poster of Kingdom of the Planet of the Apes
Rating: 7.146/10 by 475 users

Kingdom of the Planet of the Apes (2024)

Several generations in the future following Caesar's reign, apes are now the dominant species and live harmoniously while humans have been reduced to living in the shadows. As a new tyrannical ape leader builds his empire, one young ape undertakes a harrowing journey that will cause him to question all that he has known about the past and to make choices that will define a future for apes and humans alike.

  • Wes Ball
  • Rick Jaffa
  • Amanda Silver
  • Josh Friedman
Release Date: Wed, May 08, 2024

Rating: 7.146/10 by 475 users

Alternative Title:
Vương Quốc Của Hành Tinh Khỉ - VN
A majmok bolygója: A birodalom - HU
Planet of the Apes 4: Kingdom of the Planet of the Apes - US
כוכב הקופים: הממלכה - IL
猩球崛起4:新世界 - CN
猿の惑星/キングダム - JP
Planet der Affen: New Kingdom - DE
猩球崛起4 - CN
پادشاهی سیاره میمون‌ها - IR
مملكة كوكب القرود - SA
Meymunlar Cəhənnəmi: Yeni Krallıq - AZ
Το βασίλειο του πλανήτη των πιθήκων - GR

United States of America
Runtime: 02 hour 25 minutes
Budget: $160,000,000
Revenue: $237,000,000

Plot Keyword: empire, kingdom, gorilla, dystopia, eagle, sequel, anthropomorphism, distant future, ape, orangutan, evolution, chimpanzee, primate, curious, holy roman empire, cgi-live action hybrid, clan, post-apocalyptic, evil tyrant, dramatic, cgi
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Manuel São Bento

FULL SPOILER-FREE REVIEW @ https://fandomwire.com/kingdom-of-the-planet-of-the-apes-review/ "Kingdom of the Planet of the Apes is an intriguing addition to the franchise, full of fascinating parallels and a thought-provoking exploration of Caesar’s legacy, despite some lack of depth linked to the motivations of some characters. The exploration of important themes such as religion, war, and distinct perspectives on biblical figures leads to the most immersive moments of a film that takes time to find its rhythm. With a clear vision from Wes Ball and fantastic performances, the impressive motion-capture work contributes tremendously to a visually mesmerizing experience. For fans of the saga, it’s a continuation worth following with interest, promising more moral reflections on the evolution of nature and the inevitable cycle of life." Rating: B


Quick question. So it was a virus that led to the role reversal between the speaking humans and their ape counterparts? Now the apes have the upper hand and humanity is back in the caves. What I don't really get is why everything is in ruins and why there's an escalator in the middle of a forest full of zebras? Speech is crucial for communication, granted, but as the apes now thrive amidst the ruins of human construction I couldn't quite figure out why it was all decimated in the first place. Was there a war? Did I miss it? Anyway, Simian society still claims derivation from "Caesar" and in typical human fashion is just as divided. The apes live a peaceful life stealing the eagle's eggs from precariously perched nests so they can rear them themselves - and the eagles don't really seem to mind. The militaristic gorillas raid their village and drag them all to the seaside resort of "Proximus" where he is trying to break into an human, subterranean, vault. The raid caused havoc amongst the peaceable apes and left only "Noa" to try to free them. En route, he encounters "Mae" (Freya Allan) - an human who can speak, and upon arrival she befriends another talking person "Trevathan" (William H. Macy) who are both expected to help reach the treasures of the vault. She knows what's in there, and with the help of her new friends hopes to salvage what she was sent to retrieve - but without allowing any weapons inside to fall into enemy hands. It takes far too long to get going, this, but once we've established who is who and the story has kicked in, it's quite an exciting tale with some great visuals effects and just a little philosophy to keep it from falling into a trap of franchise mundanity. The acting isn't really up to much, but an enthusiastic effort from Kevin Durand as the menacing leader and some authentic looking acrobatics not seen since Johnny Weissmuller make for an entertaining episode in what is clearly a soap-style plot development where this is but an episode in a what happens next scenario.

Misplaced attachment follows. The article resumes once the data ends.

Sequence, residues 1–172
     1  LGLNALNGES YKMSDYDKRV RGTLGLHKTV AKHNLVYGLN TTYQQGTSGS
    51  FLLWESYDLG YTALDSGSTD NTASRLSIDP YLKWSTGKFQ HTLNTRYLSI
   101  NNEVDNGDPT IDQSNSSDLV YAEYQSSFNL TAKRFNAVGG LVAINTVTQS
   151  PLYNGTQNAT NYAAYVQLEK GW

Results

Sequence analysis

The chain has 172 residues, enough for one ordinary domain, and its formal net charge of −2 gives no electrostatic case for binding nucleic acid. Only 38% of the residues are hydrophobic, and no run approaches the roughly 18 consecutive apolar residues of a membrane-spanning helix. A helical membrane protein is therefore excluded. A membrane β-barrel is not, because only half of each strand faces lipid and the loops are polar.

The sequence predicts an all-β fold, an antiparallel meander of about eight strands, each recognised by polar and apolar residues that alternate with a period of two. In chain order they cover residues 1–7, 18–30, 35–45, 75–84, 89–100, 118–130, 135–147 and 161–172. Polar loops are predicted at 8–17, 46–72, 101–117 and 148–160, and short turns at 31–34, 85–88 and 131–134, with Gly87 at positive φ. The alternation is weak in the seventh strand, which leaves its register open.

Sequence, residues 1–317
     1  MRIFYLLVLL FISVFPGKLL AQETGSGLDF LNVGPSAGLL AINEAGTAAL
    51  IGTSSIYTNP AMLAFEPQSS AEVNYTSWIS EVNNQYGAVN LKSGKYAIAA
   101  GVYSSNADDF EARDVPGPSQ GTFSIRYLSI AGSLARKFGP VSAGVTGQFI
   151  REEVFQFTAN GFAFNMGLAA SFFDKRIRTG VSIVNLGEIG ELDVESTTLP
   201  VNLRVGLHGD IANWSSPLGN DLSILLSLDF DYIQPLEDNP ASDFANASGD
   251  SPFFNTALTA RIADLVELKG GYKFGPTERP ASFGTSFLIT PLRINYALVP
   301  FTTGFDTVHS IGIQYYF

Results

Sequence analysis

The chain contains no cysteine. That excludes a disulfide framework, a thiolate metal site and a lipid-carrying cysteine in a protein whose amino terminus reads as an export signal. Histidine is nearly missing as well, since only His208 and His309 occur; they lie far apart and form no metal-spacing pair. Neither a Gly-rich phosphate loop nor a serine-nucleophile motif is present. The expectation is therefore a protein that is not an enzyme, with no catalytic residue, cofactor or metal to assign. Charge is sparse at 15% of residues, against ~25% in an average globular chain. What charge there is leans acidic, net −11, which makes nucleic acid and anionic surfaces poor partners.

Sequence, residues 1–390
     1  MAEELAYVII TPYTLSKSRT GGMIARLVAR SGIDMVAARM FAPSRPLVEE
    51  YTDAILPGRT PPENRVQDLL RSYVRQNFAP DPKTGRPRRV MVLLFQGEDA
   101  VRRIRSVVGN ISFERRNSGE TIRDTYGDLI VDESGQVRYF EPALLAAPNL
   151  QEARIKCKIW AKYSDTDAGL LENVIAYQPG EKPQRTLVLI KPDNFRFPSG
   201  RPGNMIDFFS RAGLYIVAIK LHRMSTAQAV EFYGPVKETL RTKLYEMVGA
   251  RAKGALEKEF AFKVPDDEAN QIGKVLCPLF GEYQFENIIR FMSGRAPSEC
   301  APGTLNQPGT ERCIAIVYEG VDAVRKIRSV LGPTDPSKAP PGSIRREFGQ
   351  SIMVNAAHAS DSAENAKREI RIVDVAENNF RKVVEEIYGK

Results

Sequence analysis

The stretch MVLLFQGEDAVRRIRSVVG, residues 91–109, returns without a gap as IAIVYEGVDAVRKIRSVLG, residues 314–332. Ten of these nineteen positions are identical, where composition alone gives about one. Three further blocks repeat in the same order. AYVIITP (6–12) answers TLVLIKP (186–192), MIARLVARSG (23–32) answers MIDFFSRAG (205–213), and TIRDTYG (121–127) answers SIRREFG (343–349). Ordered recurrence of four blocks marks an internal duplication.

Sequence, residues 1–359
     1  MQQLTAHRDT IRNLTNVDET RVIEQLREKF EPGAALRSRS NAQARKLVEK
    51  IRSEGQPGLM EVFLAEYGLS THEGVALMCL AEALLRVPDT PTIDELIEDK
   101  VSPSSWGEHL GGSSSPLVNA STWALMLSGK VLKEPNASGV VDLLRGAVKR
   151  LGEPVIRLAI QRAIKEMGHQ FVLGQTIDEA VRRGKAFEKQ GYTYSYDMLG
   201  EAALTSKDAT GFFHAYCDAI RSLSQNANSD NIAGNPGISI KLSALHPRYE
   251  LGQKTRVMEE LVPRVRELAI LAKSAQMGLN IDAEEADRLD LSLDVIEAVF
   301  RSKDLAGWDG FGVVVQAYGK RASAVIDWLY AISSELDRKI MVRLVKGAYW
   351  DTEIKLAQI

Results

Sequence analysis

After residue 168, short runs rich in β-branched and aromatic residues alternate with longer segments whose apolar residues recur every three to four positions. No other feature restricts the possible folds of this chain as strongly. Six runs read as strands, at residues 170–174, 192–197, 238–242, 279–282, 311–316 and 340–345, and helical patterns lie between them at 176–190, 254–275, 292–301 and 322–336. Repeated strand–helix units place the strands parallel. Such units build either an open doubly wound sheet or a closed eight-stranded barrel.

Has its moments, though overall I kinda found 'Kingdom of the Planet of the Apes' a bit of a slog to sit through. The original trilogy are films that I do enjoy, they're very good. This fourth installment, however, underwhelmed me throughout its 145 minute run time. It starts off a new plot, obviously given how 'War for the Planet of the Apes' concluded, and the new characters and their stories didn't really interest me. Some of the action is watchable, the military bunker angle is decent, the visual effects are strong (but we already knew that) and the bits directly with Noa and Raka are the film's best in my opinion. I don't, though, really recall much else about this and remember feeling quite nonplussed whilst watching; the literal final music-filled shot got me pumped though, out of nowhere. None of the cast (voice or otherwise) stand out, either. I'd have finished this franchise with the 2017 flick, but very much sounds like the filmmakers are planning another trilogy with this one. Hopefully I'll enjoy those (and the inevitable 2030s 'new' trilogy... 😏) more.

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